Art Where You’re At is an informal series, usually showcasing offerings at museums closed due to COVID-19, or at museums you may not be able to visit. This essay on a new book is an exception, because (full disclosure) Helen Frankenthaler is one of the essayist’s favorite artists.

After Protest, Whitney Museum Cancels Show By Artists It Meant To Celebrate

by Neda Ulaby

NEW YORK, NY – OCTOBER 26: An exterior view of the venue at the Audi private reception at the Whitney Museum of American Art on October 26, 2016 in New York City. (Photo by Jason Kempin/Getty Images for Audi)

Another hot summer, another heated controversy at the Whitney Museum of American Art.

For an exhibition entitled “Collective Actions: Artist Interventions In A Time of Change,” the vaunted New York museum managed to alienate a group of artists it had hoped to celebrate. Several of them charged the museum with propagating systemic racism by not properly compensating BIPOC artists for their work, nor asking permission for the work to be displayed.

“This is unreal,” wrote photographer Gioncarlo Valentinein a Monday evening tweet. He posted a screenshot of a message that appeared to be from Whitney curator Farris Wahbeh informing Valentine that one of his prints, called “Untitled” from the project See In Black, had been acquired for the Whitney’s special collections and the Whitney planned to include it in the upcoming show.

“In recognition and appreciation of your inclusion in the Whitney’s program, I’m happy to note that you will receive an Artist Lifetime Pass which allows you and a guest free entry to the museum as well as other benefits,” the screenshot reads in part. “I’m so honored that your work will be on view in this exhibition and couldn’t be more excited that it will reach Whitney audiences at this critical time.”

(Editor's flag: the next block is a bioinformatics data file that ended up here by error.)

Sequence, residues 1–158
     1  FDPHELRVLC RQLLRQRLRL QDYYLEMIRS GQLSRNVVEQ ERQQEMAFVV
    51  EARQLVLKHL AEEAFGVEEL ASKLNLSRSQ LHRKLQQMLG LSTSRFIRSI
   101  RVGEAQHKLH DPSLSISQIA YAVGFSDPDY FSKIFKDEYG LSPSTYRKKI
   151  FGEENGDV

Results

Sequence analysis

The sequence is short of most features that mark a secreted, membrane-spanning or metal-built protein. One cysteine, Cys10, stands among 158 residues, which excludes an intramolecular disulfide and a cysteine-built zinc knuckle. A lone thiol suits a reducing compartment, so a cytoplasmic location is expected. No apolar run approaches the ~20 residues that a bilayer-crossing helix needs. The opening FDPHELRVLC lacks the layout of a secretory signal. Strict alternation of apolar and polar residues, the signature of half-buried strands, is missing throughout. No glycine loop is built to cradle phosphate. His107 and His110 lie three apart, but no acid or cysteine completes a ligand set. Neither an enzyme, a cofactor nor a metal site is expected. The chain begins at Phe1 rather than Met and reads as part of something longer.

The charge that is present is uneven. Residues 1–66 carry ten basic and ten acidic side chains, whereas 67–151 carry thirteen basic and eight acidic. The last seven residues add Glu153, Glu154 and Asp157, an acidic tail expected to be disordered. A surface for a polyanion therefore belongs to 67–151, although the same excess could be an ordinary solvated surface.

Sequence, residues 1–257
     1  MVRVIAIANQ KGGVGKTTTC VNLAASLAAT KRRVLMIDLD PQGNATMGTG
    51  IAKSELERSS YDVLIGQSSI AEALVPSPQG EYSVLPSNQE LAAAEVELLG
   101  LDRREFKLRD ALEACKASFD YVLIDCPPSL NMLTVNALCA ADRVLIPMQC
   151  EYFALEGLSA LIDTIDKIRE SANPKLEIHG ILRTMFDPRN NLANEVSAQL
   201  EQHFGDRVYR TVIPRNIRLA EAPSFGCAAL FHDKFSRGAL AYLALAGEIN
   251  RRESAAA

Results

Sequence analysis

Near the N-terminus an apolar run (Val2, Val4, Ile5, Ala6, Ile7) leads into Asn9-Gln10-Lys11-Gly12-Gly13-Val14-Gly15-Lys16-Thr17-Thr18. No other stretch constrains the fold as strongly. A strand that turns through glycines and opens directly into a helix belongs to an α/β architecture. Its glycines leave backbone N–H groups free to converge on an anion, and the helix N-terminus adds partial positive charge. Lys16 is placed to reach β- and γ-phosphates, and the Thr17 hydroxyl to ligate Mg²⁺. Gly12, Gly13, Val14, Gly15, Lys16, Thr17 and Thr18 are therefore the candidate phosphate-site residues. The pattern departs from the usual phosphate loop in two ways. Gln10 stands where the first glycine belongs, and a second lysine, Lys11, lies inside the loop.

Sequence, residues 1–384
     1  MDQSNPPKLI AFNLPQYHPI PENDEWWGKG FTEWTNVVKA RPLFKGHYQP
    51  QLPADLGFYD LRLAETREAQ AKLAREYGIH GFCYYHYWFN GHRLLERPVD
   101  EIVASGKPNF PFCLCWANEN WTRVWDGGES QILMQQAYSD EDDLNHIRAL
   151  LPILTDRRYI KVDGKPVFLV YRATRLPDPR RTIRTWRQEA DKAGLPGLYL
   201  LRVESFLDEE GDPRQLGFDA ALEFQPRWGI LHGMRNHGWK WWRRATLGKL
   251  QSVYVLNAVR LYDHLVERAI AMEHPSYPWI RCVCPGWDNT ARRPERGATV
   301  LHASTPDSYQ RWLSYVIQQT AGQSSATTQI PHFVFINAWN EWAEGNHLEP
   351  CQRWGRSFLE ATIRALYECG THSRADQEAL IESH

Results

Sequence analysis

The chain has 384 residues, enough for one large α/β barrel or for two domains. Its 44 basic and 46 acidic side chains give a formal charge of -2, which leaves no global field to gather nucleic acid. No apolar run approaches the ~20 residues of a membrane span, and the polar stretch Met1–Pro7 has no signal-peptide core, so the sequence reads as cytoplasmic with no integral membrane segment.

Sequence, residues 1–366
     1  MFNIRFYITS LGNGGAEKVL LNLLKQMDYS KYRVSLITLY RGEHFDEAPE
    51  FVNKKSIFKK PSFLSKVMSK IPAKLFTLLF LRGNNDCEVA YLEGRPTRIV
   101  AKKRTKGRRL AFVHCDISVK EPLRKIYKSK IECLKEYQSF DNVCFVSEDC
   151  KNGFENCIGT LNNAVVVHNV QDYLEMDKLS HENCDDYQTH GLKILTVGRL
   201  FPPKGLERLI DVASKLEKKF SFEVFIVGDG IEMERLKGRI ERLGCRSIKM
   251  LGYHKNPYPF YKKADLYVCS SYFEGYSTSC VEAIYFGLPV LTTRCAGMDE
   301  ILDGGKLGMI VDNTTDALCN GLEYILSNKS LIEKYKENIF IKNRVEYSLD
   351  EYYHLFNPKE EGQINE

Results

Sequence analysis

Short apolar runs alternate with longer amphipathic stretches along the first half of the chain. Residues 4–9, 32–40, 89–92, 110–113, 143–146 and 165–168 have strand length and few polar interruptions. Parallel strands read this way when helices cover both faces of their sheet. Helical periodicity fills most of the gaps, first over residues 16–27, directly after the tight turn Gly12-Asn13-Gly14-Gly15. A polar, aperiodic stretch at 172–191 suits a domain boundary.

The exhibition, originally scheduled to open Sept. 17, was intended to showcase “the critical role of artists in documenting moments of seismic change and protest,” according to a now-deleted press release, and was to include “prints, photographs, posters, and digital files that have been created this year in response to the COVID-19 pandemic and the Black Lives Matter movement.”

Valentine was having none of it. “One of the many reasons I don’t use social media at all,” he tweeted. “[This] man was following me, not engaging my work, not asking me [expletive], and ‘acquired’ a print that I did not sign or make, meant to raise money.

“I wanna [expletive] fight,” Valentine added. The artist also referenced last summer’s defining Whitney controversy during which eight artists withdrew from the 2019 Biennial over vice chairman Warren B. Kander’s role in manufacturing tear gas used against political protesters in marginalized communities.